California residents rely on drivers hired through Uber or Lyft for transport more than ever before. Because the companies operating the ride-hailing services generally are not responsible for the damages resulting from their workers' accidents, passengers or other parties harmed in a crash must turn to the driver's insurance policy.
The companies designate their drivers as independent contractors. This separates the companies from liabilities that might normally emerge from the actions of direct employees. Someone hurt by an at-fault rideshare driver can make a claim upon a $1 million liability policy that the ride-hailing companies make available to their drivers. Ideally, a victim will collect as much evidence as possible at the time of the accident. For example, screenshots of the transport receipt and pictures of the wreck can be helpful. Claims should be directed to the driver and insurance company rather than the ride-hailing service. Only narrowly defined circumstances open the door to directly suing the companies that connect driver with fares.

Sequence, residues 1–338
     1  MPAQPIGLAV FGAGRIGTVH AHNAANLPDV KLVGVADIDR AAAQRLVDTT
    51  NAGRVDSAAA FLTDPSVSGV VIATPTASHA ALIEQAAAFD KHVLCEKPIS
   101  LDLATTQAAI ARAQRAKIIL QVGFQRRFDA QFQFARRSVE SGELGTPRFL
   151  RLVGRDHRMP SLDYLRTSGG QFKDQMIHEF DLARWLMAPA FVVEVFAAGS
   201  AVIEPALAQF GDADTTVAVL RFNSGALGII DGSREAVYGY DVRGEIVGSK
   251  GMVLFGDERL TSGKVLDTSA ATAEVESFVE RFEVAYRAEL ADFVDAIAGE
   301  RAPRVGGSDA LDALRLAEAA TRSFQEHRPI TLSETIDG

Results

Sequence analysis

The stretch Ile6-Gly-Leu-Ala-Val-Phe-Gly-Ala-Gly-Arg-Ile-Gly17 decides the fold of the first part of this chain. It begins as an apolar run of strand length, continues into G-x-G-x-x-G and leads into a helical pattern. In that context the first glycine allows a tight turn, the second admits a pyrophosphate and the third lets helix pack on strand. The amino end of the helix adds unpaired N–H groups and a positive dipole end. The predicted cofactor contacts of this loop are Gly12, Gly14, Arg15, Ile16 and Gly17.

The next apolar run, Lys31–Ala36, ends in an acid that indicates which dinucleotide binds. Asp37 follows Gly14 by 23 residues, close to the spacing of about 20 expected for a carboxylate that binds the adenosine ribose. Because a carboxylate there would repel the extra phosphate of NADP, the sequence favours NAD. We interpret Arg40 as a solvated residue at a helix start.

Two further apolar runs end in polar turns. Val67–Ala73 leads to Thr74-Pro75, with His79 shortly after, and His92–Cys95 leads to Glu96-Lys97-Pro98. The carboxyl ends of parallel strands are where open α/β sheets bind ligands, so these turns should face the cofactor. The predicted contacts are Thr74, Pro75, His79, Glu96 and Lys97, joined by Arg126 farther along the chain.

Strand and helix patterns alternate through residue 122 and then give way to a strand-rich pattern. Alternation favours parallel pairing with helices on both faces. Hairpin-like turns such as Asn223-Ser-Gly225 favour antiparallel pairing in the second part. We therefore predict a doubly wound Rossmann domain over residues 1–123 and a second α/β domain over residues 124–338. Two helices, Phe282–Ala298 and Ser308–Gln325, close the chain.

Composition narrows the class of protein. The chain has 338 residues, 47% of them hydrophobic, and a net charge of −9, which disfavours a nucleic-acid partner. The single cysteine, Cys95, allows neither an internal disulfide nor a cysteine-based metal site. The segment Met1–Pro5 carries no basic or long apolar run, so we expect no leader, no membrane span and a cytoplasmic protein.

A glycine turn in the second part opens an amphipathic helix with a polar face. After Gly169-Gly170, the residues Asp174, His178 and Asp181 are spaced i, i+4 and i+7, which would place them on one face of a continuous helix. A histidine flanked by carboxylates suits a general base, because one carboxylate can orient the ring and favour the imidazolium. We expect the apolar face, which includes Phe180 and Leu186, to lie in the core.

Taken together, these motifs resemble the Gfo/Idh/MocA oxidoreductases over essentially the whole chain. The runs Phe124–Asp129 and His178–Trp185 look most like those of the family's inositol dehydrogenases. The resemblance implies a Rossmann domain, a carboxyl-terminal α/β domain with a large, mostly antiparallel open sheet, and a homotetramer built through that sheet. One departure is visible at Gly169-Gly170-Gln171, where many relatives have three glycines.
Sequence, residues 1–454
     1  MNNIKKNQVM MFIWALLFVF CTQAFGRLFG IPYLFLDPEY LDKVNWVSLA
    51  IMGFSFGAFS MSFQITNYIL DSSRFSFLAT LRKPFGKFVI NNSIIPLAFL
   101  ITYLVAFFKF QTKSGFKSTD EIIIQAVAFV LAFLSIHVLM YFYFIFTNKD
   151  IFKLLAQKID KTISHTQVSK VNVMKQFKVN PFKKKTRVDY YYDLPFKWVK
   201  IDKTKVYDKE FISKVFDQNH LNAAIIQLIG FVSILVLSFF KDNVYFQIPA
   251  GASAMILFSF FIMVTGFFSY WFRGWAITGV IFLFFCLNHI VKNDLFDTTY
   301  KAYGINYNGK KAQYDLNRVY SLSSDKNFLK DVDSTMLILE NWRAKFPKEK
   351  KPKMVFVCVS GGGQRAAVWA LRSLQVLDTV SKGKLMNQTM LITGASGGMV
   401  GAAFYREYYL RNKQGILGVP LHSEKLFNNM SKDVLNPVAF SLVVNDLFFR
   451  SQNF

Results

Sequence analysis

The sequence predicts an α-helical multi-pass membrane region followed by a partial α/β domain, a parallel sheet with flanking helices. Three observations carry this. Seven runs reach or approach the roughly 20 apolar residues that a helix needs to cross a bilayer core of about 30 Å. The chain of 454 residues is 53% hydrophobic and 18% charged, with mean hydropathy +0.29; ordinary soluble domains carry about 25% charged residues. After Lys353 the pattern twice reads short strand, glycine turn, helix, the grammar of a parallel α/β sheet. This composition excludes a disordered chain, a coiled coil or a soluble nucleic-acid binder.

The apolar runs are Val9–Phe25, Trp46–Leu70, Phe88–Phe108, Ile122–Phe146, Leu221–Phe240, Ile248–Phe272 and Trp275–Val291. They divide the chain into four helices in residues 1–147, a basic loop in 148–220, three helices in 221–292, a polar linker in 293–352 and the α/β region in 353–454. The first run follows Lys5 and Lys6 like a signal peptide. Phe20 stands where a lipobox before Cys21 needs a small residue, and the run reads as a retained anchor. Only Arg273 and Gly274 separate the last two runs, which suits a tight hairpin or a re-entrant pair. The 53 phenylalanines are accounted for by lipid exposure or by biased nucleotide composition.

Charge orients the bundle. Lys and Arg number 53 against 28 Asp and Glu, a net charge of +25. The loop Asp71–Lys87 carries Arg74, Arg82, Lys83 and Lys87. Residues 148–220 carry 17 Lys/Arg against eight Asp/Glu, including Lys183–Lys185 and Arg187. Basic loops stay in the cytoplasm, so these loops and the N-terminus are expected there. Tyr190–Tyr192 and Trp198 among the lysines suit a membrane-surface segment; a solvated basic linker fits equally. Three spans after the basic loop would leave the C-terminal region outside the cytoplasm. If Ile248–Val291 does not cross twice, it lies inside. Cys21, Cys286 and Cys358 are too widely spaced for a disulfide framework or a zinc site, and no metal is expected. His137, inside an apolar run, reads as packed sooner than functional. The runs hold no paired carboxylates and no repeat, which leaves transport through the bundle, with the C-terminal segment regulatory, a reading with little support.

When another driver causes an accident, a victim could first make a claim upon that driver's personal insurance policy. If that coverage proves insufficient, then the policy covering the Uber or Lyft driver could provide additional compensation for injuries.
A person hurt in a crash that involved an independent service provider could consult an attorney familiar with personal injury claims. The lawyer could notify the ride-hailing service to preserve the data about the fare. Additionally, an attorney could organize evidence about the at-fault driver and examine applicable insurance policies to identify coverage. The support of an attorney could allow a victim burdened by medical difficulties to prepare a well-documented claim.